Standing outside the Fire

I’ve written this post in my head dozens of times, each one different.  It’s an anniversary, and I knew I should–that I wanted to, NEEDED to–commemorate it in some way.  But should I talk about what I’ve learned?  The good things it brought about? Just start off with “one year ago today”?  Reassure everyone (and myself) that everything is okay now?  Shoot for inspiring, or tragic?
Maybe my confusion stems from the fact that I haven’t fully processed it yet.  That there are days when I think–or even say–“I just can’t believe that happened to us.”  Not out of self-pity, but in honest disbelief because it seems unreal at times–almost magical.  Everything changed–everything GONE–in a few minutes’ time.  Maybe I haven’t been “standing outside the fire” long enough to know exactly what it all means–and maybe it’s going to take more than one anniversary post to sort it all out.
So let’s start with this:  one year ago today, I woke up in Baltimore, fully expecting that the next day, after the funeral, I would be returning here:
Not here:
But that’s what happened.

0 thoughts on “Standing outside the Fire

  1. I think that is the kind of life event you never fully process. I had a friend who lost her home and all her possessions in a fire years ago. She barely made it out with her life (woke up in the middle of the night surrounded by flames). To this day it is hard for her to talk about, and it has impacted her in so many ways.
    Like with any form of grieving, it is important to allow yourself to feel it in your own way, in your own time. There is no right or wrong when it comes to such things. Wishing you peace on this difficult day.

    1. I’m sure the trauma of actually BEING THERE would be unimaginable. By the time we got home, it was all over. There was never a threat to our lives except theoretically. And because it has all turned out so well for us, and most of us have moved on, it is hard for me not to think that I just need to get over it already. Thanks for your kind words.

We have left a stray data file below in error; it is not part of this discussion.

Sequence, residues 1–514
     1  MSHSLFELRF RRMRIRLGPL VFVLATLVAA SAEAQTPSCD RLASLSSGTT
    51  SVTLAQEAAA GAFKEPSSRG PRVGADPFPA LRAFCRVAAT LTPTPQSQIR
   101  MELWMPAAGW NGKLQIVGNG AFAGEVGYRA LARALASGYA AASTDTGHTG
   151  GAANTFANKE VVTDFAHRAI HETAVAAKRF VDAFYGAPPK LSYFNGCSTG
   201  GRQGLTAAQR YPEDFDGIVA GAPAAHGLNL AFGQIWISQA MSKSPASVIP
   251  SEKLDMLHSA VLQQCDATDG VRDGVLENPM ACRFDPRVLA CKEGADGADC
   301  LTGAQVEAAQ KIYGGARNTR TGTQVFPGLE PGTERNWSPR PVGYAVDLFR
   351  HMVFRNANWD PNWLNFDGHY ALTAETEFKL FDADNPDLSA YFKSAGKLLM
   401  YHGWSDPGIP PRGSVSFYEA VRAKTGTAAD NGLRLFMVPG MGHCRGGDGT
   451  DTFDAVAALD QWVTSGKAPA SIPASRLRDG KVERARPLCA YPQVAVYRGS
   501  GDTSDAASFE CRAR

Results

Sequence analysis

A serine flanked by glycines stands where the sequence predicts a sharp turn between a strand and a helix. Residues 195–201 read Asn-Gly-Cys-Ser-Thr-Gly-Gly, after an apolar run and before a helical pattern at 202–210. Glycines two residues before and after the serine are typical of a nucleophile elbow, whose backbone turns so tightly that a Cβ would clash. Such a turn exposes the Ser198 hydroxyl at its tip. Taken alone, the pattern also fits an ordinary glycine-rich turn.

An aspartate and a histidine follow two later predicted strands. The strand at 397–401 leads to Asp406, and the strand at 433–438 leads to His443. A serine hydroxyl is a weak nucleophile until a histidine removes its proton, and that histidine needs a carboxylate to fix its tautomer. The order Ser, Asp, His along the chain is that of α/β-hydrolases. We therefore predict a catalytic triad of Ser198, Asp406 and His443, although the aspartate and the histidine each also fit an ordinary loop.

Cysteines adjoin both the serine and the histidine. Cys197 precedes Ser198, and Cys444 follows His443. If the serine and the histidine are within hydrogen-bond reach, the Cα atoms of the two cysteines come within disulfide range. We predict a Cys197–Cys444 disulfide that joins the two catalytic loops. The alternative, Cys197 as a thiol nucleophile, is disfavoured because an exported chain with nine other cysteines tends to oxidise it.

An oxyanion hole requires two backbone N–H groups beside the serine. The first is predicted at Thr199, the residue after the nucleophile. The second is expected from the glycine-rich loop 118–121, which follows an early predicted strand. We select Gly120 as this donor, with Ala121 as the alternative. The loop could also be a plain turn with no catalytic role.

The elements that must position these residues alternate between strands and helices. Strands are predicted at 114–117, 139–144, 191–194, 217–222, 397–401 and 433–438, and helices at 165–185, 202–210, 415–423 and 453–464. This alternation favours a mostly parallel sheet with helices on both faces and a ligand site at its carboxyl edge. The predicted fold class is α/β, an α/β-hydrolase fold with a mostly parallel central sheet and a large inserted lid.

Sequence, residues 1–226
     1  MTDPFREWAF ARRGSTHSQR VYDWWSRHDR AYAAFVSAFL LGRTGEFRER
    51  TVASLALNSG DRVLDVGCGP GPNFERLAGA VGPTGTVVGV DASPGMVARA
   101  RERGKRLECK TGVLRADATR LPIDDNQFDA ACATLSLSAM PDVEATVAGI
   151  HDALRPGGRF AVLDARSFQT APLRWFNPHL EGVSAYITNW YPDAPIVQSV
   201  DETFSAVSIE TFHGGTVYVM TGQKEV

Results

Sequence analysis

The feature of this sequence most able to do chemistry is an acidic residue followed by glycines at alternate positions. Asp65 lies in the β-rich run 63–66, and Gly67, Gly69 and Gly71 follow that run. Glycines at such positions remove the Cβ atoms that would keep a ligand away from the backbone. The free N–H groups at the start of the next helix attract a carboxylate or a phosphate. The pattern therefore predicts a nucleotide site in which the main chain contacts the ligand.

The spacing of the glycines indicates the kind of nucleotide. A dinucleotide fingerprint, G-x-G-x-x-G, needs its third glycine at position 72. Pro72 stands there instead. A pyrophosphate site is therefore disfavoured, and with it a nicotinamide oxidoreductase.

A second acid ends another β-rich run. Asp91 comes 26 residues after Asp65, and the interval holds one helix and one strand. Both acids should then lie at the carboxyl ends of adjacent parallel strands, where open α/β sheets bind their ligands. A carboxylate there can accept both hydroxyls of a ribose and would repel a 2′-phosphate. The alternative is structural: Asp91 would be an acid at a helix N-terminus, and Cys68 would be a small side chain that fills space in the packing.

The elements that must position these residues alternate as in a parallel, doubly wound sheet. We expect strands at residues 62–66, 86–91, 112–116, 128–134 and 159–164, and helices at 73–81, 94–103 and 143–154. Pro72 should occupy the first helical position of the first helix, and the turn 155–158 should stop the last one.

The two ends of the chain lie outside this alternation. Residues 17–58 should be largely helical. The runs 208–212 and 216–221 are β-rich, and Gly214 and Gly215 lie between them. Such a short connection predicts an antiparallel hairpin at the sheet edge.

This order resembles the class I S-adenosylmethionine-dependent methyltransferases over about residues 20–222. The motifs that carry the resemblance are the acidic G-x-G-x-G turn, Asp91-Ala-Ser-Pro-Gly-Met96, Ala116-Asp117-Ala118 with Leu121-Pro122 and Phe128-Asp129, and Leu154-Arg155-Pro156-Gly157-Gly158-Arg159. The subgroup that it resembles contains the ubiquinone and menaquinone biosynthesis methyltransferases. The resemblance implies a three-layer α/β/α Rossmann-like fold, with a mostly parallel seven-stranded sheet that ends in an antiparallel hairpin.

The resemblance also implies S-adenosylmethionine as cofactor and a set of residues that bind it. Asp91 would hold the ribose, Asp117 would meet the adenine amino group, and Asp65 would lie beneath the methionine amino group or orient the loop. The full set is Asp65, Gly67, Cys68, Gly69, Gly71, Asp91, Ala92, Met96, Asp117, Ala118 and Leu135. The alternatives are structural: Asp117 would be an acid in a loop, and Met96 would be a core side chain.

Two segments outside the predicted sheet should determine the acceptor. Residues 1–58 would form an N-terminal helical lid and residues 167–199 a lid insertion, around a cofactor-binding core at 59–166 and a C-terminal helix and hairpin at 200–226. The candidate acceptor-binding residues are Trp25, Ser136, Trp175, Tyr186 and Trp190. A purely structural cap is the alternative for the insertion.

1. Just b/c you weren’t there doesn’t mean it wasn’t traumatic. Your family lost its safe place. Its haven. And many meaningful things that could not be replaced. It’s wonderful that you have been able to move on, but it was still a significant event in your lives. Be kind to yourself and try not to put pressure on yourself to “get over it.” You can move on and still feel the hurt. It’s OK.

  2. Our homes are our the centers of everything. I once heard someone call them our “Machine’s for Living” but they are SO much more than that.
    I am so glad that you and your family were not harmed by the fire, physically but my heart aches for you because of the loss of everything and the hurt it has caused you. I honestly can’t imagine going through that. I am amazed at your strength and love all at the same time.
    You inspire me. Your faith, your love for God inspires me to be a better person.
    Sending love to you on this day, my friend.

  3. I have tried and failed to imagine what that would really be like. Following you through your blog and FB I think you and your husband handled it beautifully, as much as could be. I am thinking of you xo

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